Not to sound ungrateful, but those declarations aren’t enough for me. Those things seem so temporary. Oh, they’re good things, but they’re not lasting. They lose meaning out of context, because their meaning is to the people who experienced and felt them. There is more to this life than this life. It is a piece, not the whole.

I want to glorify God. I want Him to determine the meaning and purpose of what I do and who I am.

I want to complete the work He gives me to do. That means I don’t get to rush through a task, check it as “done,” then move on. It means I don’t set my own path and rationalize how He would be pleased. It means I don’t just try to perform what I think He would like, but I ask Him and respond in relationship. It means it’s more about Him than me.

I don’t know if I will be able to claim I have glorified God by completely the work He gives me to do. But I hope so. It’s the best statement I can imagine begin written on my memorial stone. More importantly, it’s the best thing I can imagine saying to God.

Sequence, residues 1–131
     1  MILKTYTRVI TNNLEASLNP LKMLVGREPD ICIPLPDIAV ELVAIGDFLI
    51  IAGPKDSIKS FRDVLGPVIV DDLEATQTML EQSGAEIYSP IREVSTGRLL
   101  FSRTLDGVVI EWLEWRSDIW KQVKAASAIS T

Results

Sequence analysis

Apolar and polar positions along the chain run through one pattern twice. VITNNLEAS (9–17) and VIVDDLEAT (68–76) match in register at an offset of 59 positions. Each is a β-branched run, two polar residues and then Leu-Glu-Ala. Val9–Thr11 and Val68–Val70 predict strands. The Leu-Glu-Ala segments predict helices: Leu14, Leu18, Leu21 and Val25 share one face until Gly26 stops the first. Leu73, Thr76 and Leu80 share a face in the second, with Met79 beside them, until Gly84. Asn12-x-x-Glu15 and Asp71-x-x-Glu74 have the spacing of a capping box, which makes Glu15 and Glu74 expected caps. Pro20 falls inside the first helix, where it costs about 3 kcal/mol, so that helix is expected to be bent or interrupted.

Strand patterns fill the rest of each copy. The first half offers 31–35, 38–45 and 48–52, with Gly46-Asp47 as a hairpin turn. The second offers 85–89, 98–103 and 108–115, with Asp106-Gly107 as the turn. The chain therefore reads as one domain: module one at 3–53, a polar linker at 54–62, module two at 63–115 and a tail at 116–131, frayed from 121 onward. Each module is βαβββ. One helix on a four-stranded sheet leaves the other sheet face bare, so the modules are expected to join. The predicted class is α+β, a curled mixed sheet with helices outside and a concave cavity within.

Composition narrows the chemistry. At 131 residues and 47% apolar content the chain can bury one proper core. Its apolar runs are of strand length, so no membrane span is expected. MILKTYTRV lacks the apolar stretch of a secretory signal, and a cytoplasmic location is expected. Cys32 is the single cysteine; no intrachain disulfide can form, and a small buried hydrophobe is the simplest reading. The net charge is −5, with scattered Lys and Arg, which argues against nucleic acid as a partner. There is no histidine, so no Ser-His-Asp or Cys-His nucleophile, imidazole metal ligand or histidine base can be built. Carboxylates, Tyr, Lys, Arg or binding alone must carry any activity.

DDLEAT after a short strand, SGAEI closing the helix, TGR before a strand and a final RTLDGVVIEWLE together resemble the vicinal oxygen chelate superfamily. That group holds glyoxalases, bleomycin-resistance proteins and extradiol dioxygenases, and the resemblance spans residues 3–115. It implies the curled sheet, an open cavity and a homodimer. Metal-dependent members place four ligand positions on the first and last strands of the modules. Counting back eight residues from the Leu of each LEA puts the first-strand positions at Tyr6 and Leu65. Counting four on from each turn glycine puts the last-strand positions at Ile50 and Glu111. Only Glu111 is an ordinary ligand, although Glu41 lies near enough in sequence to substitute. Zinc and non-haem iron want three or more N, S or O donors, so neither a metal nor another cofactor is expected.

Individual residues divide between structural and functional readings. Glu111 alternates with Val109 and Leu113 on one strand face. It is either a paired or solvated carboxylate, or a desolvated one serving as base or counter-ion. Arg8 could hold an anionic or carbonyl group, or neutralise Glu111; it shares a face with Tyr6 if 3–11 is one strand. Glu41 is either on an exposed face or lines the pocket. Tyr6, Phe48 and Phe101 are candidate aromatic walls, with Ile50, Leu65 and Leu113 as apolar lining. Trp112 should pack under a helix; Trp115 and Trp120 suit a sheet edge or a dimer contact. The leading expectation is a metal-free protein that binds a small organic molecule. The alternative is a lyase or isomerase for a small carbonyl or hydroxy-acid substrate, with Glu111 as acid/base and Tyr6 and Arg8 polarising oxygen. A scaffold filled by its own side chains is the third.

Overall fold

If You’re Still Alive…

People who go through near death experiences often question why they are still alive. I don’t think they’re the only ones who need to consider such a thought. Perhaps it’s easier for those who have been living pretty smoothly to come up with an answer, or at least, a theory. After all, we might imagine we’re still alive because we have family to take care of, we haven’t yet completed that lasting legacy we need to leave behind, or any number of other “no one else could fulfill what I’m doing” slots. I know, it sounds selfish, but really, aren’t most the reasons we state as our reasons for living pretty selfish? We can say our reasons are other-oriented, but we’re right in the middle of them. We’re the indispensable ones other people or a situation cannot continue without us. After all, they’re our lives. Of course, they’re about us!